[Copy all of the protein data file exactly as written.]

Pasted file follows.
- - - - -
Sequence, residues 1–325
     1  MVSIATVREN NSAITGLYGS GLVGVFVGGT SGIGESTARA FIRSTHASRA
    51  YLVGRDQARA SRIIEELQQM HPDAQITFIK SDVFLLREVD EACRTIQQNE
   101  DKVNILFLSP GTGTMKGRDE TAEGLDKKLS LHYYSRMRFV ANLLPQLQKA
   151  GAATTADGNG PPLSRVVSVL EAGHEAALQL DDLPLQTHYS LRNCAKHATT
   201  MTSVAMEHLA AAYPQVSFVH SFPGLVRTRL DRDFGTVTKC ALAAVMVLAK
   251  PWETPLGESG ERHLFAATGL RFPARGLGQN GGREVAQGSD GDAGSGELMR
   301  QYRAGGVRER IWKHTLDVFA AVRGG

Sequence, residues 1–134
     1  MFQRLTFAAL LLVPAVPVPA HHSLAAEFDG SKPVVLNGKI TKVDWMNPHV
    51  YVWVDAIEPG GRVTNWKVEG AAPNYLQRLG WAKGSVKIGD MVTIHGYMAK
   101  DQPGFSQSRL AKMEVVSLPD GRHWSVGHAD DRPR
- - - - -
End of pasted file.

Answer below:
Sequence, residues 1–325
     1  MVSIATVREN NSAITGLYGS GLVGVFVGGT SGIGESTARA FIRSTHASRA
    51  YLVGRDQARA SRIIEELQQM HPDAQITFIK SDVFLLREVD EACRTIQQNE
   101  DKVNILFLSP GTGTMKGRDE TAEGLDKKLS LHYYSRMRFV ANLLPQLQKA
   151  GAATTADGNG PPLSRVVSVL EAGHEAALQL DDLPLQTHYS LRNCAKHATT
   201  MTSVAMEHLA AAYPQVSFVH SFPGLVRTRL DRDFGTVTKC ALAAVMVLAK
   251  PWETPLGESG ERHLFAATGL RFPARGLGQN GGREVAQGSD GDAGSGELMR
   301  QYRAGGVRER IWKHTLDVFA AVRGG

Sequence, residues 1–134
     1  MFQRLTFAAL LLVPAVPVPA HHSLAAEFDG SKPVVLNGKI TKVDWMNPHV
    51  YVWVDAIEPG GRVTNWKVEG AAPNYLQRLG WAKGSVKIGD MVTIHGYMAK
   101  DQPGFSQSRL AKMEVVSLPD GRHWSVGHAD DRPR